Cloudy with a Chance of Python

Deploying a Python program as a Google Cloud Function


Jun 28, 2021

Photo by Harshit Sharma on Unsplash

Google Cloud Functions is a serverless computing service offered by the Google Cloud Platform (GCP). Serverless computing is a cloud computing model where the cloud provider manages all the resource needs of a program. All that the developer has to do is to create and configure the cloud function and deploy the application code. See our blog here for a discussion of when to use cloud functions.

Let’s see how we can deploy a Python program as a Google Cloud Function to check what the weather is going to be like.

A Sample Python Program to Tell Us the Weather

Let's start by creating a simple Python application to obtain the current temperature of a specific location by querying the OpenWeatherMap API through the RapidAPI platform. We’re not going to go too much into the details on the functions themselves, but they're covered fairly in depth in their docs

from weather_info import weather
from format_data import format_weather

if __name__ == "__main__":
    weather_obj = weather.WeatherData(city="New York")
    weather_data = weather_obj.getweather()
    format_obj = format_weather.Format(data=weather_data)
    information = format_obj.format_json()


import requests

class WeatherData:
    def __init__(self, city):
        self.city_name = city

    def getweather(self):
        urlstring = ""
        querystring = {
            "q": f"{self.city_name}",
            "cnt": "1",
            "mode": "null",
            "type": "accurate",
            "units": "metric",
        headers = {
            "x-rapidapi-key": "xxxxxxxxxxxxxxxxxxxxxxxxxxxxxxxxxxxxxxxxx",
            "x-rapidapi-host": "",

        response = requests.get(url=urlstring, headers=headers, params=querystring)

        return response.json()


from datetime import datetime

class Format:
    def __init__(self, data):
        self.weather_data = data

    def format_json(self):
        data = (
            f"{datetime.strftime(datetime.utcnow(), '%m-%d-%Y %H:%M:%S')} - "
            f"{self.weather_data['list'][0]['name']} - "
            f"{self.weather_data['list'][0]['main']['temp']} C"

        return data

Running this program will give us an output with the current time and the temperature of the given city.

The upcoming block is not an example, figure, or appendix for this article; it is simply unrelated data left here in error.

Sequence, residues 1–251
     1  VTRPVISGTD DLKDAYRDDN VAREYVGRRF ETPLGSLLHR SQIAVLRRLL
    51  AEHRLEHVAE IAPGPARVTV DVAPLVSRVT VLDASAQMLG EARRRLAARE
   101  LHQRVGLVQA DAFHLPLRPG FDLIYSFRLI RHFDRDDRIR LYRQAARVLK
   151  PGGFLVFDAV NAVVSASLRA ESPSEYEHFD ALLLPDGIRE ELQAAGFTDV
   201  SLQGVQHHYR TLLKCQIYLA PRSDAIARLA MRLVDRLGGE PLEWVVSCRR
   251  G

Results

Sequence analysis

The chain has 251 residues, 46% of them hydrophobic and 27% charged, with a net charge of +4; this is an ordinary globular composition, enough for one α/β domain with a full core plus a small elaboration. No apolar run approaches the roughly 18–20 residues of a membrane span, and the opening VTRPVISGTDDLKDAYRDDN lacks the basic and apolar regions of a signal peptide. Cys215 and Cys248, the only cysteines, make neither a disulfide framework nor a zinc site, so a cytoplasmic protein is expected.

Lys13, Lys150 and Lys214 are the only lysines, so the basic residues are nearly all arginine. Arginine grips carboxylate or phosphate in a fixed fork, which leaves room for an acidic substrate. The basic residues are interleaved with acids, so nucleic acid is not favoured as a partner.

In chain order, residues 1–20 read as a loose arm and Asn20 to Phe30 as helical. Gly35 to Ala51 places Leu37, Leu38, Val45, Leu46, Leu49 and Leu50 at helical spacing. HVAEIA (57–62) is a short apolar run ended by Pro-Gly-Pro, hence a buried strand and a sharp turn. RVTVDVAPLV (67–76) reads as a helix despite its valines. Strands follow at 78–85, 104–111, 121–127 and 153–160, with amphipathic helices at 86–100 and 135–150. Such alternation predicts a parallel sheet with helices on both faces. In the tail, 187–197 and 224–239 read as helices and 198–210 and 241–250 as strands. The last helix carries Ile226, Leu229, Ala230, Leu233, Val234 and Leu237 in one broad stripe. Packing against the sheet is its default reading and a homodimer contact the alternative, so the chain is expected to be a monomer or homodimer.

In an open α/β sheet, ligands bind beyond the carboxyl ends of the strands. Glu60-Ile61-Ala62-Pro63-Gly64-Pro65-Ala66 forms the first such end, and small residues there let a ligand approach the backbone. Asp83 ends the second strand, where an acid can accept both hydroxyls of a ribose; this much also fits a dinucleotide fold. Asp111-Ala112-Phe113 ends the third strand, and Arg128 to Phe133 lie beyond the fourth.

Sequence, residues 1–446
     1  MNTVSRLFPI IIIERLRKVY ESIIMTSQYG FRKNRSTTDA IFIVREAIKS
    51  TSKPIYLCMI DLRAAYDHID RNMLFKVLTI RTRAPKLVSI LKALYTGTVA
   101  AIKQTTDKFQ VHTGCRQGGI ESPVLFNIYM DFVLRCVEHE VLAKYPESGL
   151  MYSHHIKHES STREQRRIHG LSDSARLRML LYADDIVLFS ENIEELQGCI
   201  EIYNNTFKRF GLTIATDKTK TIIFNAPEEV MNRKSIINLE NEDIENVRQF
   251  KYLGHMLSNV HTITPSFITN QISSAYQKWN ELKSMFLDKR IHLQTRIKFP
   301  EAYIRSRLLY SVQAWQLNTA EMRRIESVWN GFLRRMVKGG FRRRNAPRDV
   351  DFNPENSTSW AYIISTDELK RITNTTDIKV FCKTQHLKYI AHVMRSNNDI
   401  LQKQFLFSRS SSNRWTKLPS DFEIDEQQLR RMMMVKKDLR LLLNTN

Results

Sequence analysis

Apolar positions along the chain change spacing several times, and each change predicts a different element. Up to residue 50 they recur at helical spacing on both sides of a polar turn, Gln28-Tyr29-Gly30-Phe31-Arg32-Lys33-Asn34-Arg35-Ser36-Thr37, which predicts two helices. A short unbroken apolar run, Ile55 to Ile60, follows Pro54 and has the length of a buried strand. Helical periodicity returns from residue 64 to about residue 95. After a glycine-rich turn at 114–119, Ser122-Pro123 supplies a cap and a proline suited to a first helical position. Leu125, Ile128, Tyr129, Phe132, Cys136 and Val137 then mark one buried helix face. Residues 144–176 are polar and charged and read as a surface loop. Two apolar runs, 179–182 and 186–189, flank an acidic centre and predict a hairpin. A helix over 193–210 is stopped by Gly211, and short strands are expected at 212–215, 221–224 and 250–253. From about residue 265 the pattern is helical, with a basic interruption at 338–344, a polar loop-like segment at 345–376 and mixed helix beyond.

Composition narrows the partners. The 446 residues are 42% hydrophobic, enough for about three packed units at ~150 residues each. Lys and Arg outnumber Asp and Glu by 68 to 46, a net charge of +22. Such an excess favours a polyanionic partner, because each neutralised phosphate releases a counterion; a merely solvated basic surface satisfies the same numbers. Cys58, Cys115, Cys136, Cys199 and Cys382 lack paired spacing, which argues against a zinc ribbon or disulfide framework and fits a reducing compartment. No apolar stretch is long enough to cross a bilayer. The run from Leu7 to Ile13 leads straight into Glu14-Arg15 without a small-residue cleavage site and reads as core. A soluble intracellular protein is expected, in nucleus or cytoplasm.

06-04-2021 21:26:33 - New York City - 18.65 C

Process finished with exit code 0

Finally, we’ll need to create a requirements.txt file including all the required packages for this application. The complete application with all the files will have the following file structure.

├─ format_data/
│  ├─
│  ├─
├─ weather_info/
│  ├─
│  ├─

Configuring a Google Cloud Function

Before we can actually set up a Google Cloud Function, we need to have a Google Cloud Platform account. To get one go to Google Cloud and sign up. Google offers a Free tier for Google Cloud Functions with up to 2 million executions. After signing in with the GCP account, you can set up the project in a few steps.

Step 1.1 - Search “Project” in the search bar of the GCP Dashboard and select “Create a Project” from the search results.

Creating a Google Cloud Project

Step 1.2 - Choose a Project name and create the project. To keep things simple, we’ll name our project “Test Applications.”

Naming a Google Cloud Project

Step 1.3 - You’ll be directed to the Project dashboard.

Google Cloud Project Dashboard

Step 2 - Create the Cloud Function

Step 2.1 - Select Cloud Functions from the navigation menu.

Google Cloud Function Menu

Step 2.2 - Click on the “Create Function” button to initialize the process of creating the new Cloud function.

Creating a Cloud Function

Step 2.3 - Fill in the necessary details in the “Create function” screen.

Primary Settings

Primary Cloud Function Settings

  • Function name - Name of the function

  • Region - The GCP region to deploy the function. (If your program targets a specific geographic region it’s advisable to select a region closest to that desired location)

  • Trigger - This section sets up how the function will be executed. Configure all the required settings in the Trigger section and save them before continuing with any other configurations.

Function Triggers

  • Trigger Type - GCP offers multiple ways to trigger the function, ranging from simple HTTP triggers to Pub/Sub message service, etc. For our function we’ll be using the HTTP trigger type. That way the function will trigger whenever anyone navigates to the right page in their browser.

  • Authentication - Configure the users who can trigger the function. We want anyone to be able to query the function and check out the temperature info for any location, so we’ll configure our "get_weather_details" function to allow unauthenticated invocations.